Despite the lack of certainty, it would seem that both alternatives of leaving the swap in place or liquidating the swap suffer from the same shortcoming. That is, in either case, the firm is fully exposed to being right or wrong in its market judgment and to bearing the benefit or cost associated with the outcome. An alternate approach would be to employ a middle-ground solution, where some portion of the hedge would be terminated, but some portion would remain intact. Alternatively, the hedge manager might want to consider substituting a cap for the swap contract by liquidating the swap position and purchasing an interest rate cap. In either case, the idea would be to mitigate the risk of further rate increases, but also preclude the prospect of returning all of the hedge gains to the market if rates were to decline. In effect, these alternatives amount to hedging the hedge.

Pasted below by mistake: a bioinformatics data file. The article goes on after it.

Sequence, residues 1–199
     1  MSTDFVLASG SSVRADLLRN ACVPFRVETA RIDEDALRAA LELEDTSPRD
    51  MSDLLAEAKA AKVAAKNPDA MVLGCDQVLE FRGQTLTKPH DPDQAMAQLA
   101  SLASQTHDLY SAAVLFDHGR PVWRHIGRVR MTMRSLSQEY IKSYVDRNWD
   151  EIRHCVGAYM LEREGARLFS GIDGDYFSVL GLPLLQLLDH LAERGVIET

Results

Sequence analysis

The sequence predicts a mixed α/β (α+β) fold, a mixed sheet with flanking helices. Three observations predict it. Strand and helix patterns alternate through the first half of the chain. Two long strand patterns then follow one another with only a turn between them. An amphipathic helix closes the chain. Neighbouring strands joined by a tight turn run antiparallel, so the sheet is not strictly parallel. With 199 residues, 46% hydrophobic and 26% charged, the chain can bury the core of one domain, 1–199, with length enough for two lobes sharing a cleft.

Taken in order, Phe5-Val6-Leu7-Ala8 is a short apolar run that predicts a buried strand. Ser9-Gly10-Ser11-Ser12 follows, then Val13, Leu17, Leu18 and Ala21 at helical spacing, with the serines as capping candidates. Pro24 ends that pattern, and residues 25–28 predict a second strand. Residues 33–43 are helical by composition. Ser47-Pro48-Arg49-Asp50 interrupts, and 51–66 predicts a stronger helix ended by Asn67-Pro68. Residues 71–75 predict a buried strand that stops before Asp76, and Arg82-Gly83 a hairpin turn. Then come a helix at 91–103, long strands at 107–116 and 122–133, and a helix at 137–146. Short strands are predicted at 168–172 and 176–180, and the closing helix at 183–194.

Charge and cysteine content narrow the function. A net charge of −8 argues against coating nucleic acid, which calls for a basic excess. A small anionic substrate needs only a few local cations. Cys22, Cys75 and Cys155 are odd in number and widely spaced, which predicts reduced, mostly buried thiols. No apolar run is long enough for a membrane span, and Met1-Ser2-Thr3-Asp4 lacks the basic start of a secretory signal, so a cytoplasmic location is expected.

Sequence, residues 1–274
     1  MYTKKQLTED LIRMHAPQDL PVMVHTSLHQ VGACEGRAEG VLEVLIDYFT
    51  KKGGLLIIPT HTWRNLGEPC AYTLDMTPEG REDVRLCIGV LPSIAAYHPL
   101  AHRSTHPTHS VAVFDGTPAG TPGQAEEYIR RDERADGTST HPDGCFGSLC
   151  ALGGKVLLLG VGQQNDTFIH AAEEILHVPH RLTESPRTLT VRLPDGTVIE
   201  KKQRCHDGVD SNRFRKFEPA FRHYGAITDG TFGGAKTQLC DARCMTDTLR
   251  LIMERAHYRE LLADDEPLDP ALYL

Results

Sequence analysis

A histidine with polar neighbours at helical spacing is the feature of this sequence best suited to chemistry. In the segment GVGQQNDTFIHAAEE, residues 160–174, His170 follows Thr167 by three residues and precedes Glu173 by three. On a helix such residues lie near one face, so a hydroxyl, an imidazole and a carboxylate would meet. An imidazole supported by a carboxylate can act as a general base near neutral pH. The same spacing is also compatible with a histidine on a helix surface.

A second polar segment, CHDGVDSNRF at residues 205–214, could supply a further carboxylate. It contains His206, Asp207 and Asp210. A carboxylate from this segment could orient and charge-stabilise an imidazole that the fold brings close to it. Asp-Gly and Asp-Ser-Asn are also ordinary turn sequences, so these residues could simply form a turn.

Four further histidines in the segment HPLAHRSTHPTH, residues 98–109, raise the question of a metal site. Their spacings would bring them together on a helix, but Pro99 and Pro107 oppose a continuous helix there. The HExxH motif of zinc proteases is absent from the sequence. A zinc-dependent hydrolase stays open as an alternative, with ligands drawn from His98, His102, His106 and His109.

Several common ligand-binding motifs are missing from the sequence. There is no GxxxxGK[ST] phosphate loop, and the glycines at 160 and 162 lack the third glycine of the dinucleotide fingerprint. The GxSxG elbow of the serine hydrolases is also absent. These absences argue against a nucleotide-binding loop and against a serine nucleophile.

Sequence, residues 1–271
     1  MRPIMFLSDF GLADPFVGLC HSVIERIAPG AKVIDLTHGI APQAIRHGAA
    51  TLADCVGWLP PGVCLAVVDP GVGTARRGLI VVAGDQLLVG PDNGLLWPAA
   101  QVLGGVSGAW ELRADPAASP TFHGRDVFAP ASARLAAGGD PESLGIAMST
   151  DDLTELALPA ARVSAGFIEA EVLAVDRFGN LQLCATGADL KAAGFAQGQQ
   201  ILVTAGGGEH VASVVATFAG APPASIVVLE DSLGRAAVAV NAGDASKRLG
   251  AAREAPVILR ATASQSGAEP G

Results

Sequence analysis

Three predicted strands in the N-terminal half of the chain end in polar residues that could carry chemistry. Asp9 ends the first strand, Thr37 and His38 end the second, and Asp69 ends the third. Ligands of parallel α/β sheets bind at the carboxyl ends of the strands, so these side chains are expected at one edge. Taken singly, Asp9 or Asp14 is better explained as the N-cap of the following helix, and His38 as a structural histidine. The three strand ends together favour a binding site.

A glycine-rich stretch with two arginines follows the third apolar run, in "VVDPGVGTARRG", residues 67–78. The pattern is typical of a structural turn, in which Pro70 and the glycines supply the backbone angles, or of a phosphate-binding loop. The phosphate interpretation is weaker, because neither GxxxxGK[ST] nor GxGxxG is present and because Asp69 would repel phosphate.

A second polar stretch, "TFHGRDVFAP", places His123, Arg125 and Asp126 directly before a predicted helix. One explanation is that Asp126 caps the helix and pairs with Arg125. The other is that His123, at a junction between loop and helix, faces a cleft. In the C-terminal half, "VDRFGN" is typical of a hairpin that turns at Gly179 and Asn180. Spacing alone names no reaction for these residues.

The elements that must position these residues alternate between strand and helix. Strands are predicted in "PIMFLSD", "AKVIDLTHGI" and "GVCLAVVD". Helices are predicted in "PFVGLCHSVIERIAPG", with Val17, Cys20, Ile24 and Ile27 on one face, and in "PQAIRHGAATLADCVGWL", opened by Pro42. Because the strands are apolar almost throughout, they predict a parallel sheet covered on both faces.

There is, admittedly, a leap of faith here that a disciplined risk management approach will ultimately add value to the organization over time. Hedging decisions boil down to making considered business choices in the face of new information, versus ignoring information and pretending that the company has no capacity to respond to changing conditions.

Swaps Vs. Caps

How To Choose the Right Hedging Instrument

Hedging decisions can be reduced to whether or not the prospective outcomes could be reliably predicted with the use of a derivative instrument. To illustrate, consider a company that is exposed to the risk of rising interest rates, in connection with variable-rate funding. The two most basic alternative tools for managing this risk are interest rate swaps and interest rate caps. Swaps allow the company to exchange its variable rate payments for known, fixed cash flows, effectively converting the variable rate funding mechanism to fixed-rate debt. The cap assures realizing no more than a maximum interest expense, with the prospect of allowing for lower interest costs if interest rates stay below a critical level defined by the cap’s strike rate. Importantly, swaps are generally entered into without any initial payment for the derivative, while caps require the payment of a premium to the cap seller.

Keys To Savvy Risk Management